The brief first argues that the Foreign Intelligence Surveillance Act does not authorize a sweeping warrant for all communications data. The law requires such a warrant to show relevance to an existing investigation, which is impossible when the data is gathered in support of future, entirely speculative investigations. Not only the text of the statute, but Congress’s intent and the structure of the statute support this interpretation.

Idaho Cooperates with Homeland Security on National ID

In June 2011, I noted here how a new cardless national ID system was forming up using state driver license data. It hasn’t gone very far. Passage of an immigration reform bill containing a national E-Verify requirement would slam down the gas pedal.

But a few days ago, Idaho became the third state in the union to sign up for the Department of Homeland Security’s RIDE (Records and Information from DMVs for E-Verify) program, which is administered by the ID-friendly American Association of Motor Vehicle Administrators. Idaho joins Mississippi and Florida in volunteering state driver information to the DHS.

As the full name of the program suggests, RIDE is an “add-on” to E-Verify, the government’s highly problematic system for “internal enforcement” of immigration law via government background checks. RIDE is intended to let the E-Verify system check the authenticity of driver licenses that are typically provided as one of the forms of ID during the broader verification process. E-Verify’s problems are legion—I documented them in my 2008 paper, “Franz Kafka’s Solution to Illegal Immigration“—and we highlighted them again on Capitol Hill in March.

Much like mass-scale license plate scanning, the RIDE program represents the application of technology and systems developed for one purpose to vastly different ones. The RIDE program takes state driver licensing data—which is for driver licensing and traffic law enforcment—and turns it over to the DHS for federal law enforcement and the creation of a national ID.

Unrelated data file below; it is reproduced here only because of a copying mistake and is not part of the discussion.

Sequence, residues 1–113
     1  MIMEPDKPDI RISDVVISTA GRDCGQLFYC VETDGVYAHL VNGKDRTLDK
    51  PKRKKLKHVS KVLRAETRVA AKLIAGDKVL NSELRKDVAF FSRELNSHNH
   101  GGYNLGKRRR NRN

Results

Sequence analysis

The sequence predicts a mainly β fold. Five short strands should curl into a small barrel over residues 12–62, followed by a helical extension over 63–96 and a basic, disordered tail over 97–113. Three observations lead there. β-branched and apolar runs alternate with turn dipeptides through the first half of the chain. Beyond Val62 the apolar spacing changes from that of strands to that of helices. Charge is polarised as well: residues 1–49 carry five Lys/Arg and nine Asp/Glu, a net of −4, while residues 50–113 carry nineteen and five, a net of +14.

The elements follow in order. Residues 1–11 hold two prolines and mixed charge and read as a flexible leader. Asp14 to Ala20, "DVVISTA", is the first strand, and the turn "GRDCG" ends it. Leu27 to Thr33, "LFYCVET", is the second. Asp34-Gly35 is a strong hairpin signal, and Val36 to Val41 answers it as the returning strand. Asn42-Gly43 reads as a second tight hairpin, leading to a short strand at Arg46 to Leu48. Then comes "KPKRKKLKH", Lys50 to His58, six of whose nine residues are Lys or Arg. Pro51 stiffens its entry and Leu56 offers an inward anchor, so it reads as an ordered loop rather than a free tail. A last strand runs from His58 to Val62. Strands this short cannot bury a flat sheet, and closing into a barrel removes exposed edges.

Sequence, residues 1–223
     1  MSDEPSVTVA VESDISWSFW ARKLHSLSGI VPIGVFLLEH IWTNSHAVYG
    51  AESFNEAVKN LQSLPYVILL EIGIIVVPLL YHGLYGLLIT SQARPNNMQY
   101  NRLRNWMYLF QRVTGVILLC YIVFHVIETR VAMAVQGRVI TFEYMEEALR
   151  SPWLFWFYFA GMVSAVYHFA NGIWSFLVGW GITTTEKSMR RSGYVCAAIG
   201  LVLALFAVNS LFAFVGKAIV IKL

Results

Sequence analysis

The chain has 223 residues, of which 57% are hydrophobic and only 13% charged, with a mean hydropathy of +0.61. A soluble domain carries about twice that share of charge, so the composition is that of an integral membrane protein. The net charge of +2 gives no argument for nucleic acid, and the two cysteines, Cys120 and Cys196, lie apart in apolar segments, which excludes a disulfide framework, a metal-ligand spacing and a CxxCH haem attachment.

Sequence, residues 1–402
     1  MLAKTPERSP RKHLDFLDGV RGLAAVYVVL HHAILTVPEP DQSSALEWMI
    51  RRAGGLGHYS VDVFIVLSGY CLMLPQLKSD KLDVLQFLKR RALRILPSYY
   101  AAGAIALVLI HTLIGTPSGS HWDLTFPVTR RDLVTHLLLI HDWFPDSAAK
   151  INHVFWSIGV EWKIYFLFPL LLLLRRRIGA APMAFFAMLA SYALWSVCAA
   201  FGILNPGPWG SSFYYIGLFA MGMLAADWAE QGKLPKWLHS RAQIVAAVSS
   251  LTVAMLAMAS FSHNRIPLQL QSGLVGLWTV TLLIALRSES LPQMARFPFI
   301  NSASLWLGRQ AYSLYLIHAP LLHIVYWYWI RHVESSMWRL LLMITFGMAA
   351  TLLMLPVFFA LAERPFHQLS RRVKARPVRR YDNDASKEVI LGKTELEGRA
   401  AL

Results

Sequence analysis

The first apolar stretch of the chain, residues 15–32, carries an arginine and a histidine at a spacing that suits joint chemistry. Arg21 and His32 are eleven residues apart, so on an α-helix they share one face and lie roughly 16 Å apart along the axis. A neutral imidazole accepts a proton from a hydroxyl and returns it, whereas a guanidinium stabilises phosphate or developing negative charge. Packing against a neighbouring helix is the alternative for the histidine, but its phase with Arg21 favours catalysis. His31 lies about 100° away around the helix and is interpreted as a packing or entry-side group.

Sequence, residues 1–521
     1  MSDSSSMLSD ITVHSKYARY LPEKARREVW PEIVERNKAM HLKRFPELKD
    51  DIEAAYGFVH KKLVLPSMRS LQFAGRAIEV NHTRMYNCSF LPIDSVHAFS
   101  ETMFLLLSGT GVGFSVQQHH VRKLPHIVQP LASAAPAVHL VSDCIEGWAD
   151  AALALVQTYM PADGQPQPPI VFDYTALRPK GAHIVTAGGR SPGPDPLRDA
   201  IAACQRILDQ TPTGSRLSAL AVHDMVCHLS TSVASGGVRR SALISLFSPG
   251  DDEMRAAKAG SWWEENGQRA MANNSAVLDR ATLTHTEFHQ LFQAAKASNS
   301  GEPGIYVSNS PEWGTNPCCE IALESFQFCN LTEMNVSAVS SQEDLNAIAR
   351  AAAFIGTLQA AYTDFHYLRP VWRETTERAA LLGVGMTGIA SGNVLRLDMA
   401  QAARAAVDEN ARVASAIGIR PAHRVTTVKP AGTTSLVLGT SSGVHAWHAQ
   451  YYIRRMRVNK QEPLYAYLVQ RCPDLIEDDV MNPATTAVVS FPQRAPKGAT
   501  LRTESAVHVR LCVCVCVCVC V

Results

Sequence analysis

In 2007, Idaho was the second state in the nation to reject the REAL ID Act, our national ID law. The Idaho House and Senate passed a resolution condemning that effort to put all Americans into a national ID system. But the bureaucrats appear to have waited out the legislature. With most people’s attention elsewhere, the Idaho Transportation Department teamed up with DHS officials to move forward with a national ID.

After the DHS has tapped into Idahoans’ driver data, there is no guarantee that the uses of it would be limited to E-Verify. Mission creep is a law of gravity in government, and it’s likely over time that E-Verify and Idaho driver data will be put to new and interesting uses by the federal government. Expect the DHS to get a lot more familiar with you and your driver license data if mandatory E-Verify comes into effect and RIDE continues to grow.

Surprised by the Latest Privacy Invasion? Don’t Be

You shouldn’t be surprised by the revelation that police departments across the country are gathering data about innocent people’s movements.

Using automated scanners, law enforcement agencies across the country have amassed millions of digital records on the location and movement of every vehicle with a license plate, according to a study published Wednesday by the American Civil Liberties Union. Affixed to police cars, bridges or buildings, the scanners capture images of passing or parked vehicles and note their location, uploading that information into police databases. Departments keep the records for weeks or years, sometimes indefinitely.

The ACLU study is here.